When Lisa Graves stepped on a dead bat in her Hebron home this summer, she didn’t think much about it.

Her two cats had been playing with the bat overnight, and Graves, not quite awake, tread on it when she came downstairs the next morning. She put the bat in the trash and went about her business.

Later, the family started thinking: Rabies.

“We thought, ‘Maybe we should call the vet,'” Graves said.

The vet said they had a right to be concerned.

Conventional wisdom has been “See a bat in the house, get rid of it. No problem.” But the National Centers for Disease Control tightened its recommendations several years ago after a young child was bitten by a rabid bat in Washington state, and her family didn’t realize it. The girl later died of rabies, a disease that attacks the nervous system. The CDC now says people should seek medical advice when they come in contact with a bat, even if it doesn’t look like it has bitten anyone.

Graves’ bat was sent for testing. For a day, she didn’t know whether she’d been exposed to rabies or not.

“I was nervous,” she said. “Especially since I have a 9-year-old.”

To Graves’ relief, the bat had no diseases. Her cats, which had already gotten rabies booster shots, would be fine. She didn’t have to decide whether to go through a series of rabies shots herself.

It was a short, nerve-wracking time for Graves. For other Mainers, the anxiety is just beginning.

It’s peak bat season in Maine.

‘A Maine tradition’

Maine is home to thousands of bats, particularly in central and western Maine. Little brown and big brown bats are among the most common, though all the bats found in Maine eat insects and are an important part of the state’s ecology, experts say.

“They’re wonderful animals. They should be respected for all they do,” said Dr. Dora Mills, head of the Maine CDC, who learned about bats when they began roosting at her camp in Readfield.

Since they’re shy, bats typically avoid people and don’t bite unless sick, injured or scared. They generally sleep unobtrusively in attics and other warm, dark places, but if there’s a small hole in a window screen, if there’s an open chimney or another way in, they can wander into a home’s living space.

July and August are the peak months in Maine for finding bats in homes. Young bats have matured just enough to fly but are still young enough to get lost. Older bats are out looking for food and mistakenly fly into houses.

“If you get a bat in a house once a year, that’s what you call a Maine tradition,” said Bill Elliott, owner of the Rangeley-based Maine Bat Control. He gets more than 300 calls a year about bat removal.

Graves believes her bat flew in when her family propped open the door to bring in groceries one night. At Mills’ summer camp, colonies of bats fly around the lake at night and at least one wanders inside the cabin every year.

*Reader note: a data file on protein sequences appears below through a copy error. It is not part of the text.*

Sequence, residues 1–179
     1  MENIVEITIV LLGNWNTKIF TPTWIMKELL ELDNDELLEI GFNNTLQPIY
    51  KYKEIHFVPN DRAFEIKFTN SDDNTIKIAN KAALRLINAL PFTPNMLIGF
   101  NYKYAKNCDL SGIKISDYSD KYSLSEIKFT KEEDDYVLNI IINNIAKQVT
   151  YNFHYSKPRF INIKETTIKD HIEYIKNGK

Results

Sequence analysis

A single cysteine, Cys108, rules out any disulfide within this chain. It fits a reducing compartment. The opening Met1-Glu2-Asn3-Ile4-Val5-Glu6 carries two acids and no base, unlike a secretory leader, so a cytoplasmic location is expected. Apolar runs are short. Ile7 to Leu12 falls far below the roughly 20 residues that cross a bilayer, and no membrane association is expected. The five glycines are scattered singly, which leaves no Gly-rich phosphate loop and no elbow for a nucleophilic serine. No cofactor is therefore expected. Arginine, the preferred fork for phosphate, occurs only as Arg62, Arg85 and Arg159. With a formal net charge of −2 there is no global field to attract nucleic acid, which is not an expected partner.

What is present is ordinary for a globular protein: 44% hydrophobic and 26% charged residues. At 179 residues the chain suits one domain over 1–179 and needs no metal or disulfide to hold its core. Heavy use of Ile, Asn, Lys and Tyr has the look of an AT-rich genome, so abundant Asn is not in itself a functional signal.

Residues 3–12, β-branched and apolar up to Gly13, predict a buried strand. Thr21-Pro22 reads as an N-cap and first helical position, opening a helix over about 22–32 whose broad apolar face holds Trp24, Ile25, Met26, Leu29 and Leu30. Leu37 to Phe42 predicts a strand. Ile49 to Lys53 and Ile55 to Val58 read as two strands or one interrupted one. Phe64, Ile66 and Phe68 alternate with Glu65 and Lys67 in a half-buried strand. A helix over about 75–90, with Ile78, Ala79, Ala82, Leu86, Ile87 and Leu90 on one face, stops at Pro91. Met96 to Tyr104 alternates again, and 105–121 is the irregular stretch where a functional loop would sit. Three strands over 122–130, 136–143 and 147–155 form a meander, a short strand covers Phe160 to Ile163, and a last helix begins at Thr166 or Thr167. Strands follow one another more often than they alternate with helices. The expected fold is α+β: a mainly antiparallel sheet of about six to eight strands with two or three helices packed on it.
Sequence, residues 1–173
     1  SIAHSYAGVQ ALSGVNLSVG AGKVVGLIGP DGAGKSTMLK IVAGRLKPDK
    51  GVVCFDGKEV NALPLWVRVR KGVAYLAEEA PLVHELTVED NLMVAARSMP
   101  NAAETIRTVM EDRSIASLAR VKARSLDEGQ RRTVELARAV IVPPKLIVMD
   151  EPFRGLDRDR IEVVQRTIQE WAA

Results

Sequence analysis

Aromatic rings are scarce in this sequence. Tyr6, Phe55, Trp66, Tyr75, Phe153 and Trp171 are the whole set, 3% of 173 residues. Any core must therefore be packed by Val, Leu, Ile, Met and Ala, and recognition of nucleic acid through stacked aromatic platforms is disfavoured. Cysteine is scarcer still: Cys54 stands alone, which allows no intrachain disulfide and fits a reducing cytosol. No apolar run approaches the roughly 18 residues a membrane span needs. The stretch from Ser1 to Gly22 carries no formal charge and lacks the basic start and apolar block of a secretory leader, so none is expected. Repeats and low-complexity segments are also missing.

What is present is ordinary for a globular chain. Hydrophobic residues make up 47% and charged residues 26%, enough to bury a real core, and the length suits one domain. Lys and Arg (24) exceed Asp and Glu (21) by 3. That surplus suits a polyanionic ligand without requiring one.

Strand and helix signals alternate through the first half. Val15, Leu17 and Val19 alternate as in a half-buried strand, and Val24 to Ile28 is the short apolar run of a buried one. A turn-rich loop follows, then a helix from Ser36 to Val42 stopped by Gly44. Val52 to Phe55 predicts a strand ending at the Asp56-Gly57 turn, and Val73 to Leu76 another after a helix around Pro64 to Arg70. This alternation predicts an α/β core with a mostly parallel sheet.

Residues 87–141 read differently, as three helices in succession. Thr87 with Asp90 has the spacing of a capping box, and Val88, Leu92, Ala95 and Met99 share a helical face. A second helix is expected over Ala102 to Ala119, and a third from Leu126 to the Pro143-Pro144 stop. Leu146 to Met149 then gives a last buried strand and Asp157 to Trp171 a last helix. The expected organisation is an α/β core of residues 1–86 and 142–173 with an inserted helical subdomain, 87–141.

Like many Mainers, Mills usually just catches the stray bat and puts it outside. But the national CDC recommends that a bat be tested for rabies if it’s found in a room with an unattended child, a mentally impaired person or someone who’s asleep. People usually know when they’ve been bitten, but bats’ teeth are so small that they may not leave marks or awaken a sleeping person.

Mills was asleep at her camp one night when she felt something on her leg. Groggy, she thought it was her cat.

But when Mills fully woke up, she realized her cat wasn’t there.

“I shook the sheets, and a bat flew out,” she said.

Believing the bat bit her, Mills sent it to the state lab for testing.

Deadly disease

Maine tests hundreds of animals for rabies every year, analyzing brain tissue for the virus. Last year, 61 were positive. So far this year, 58 have been positive, six of them bats.

Like most bats, Mills’ was negative for rabies. Bat Conservation International, a Texas-based group, says only one half of 1 percent of bats have rabies. But people have more contact with rabid bats because sick bats are more likely to approach humans and to allow humans to approach them.

Rabies is usually transmitted through bites. The CDC says it’s possible, though rare, for people to get rabies if saliva from a rabid animal gets directly into their eyes, nose, mouth or open wound.

If a bat is found in a house and it hasn’t touched anyone, experts say it can be released outside without worry. If a pet or person come in contact with a bat, experts recommend that it be sent for testing.

When there’s contact but testing isn’t possible – usually because the animal has gotten away – the CDC says people should contact medical professionals. Depending on the contact, doctors may recommend rabies boosters for the pet and a series of five rabies shots for the person.

Because reporting isn’t required, it’s unclear how many Mainers get the $1,500 series of shots every year.

No Mainer has died from rabies since 1934, when a New Sharon farmer was bitten by a rabid dog. That makes some people question the necessity of expensive shots for such a rare disease.

But Mills likes the CDC’s conservative recommendations. She points to a case earlier this year in which a Texas teenager died of rabies weeks after he woke from a nap and found a bat in his bedroom. Apparently unaware that he’d been bitten, the teenager never got the rabies shots that could have saved his life.

Only one unvaccinated person in the world has ever been known to survive rabies.

“That’s the thing about rabies; you never want to take the chance,” Mills said.

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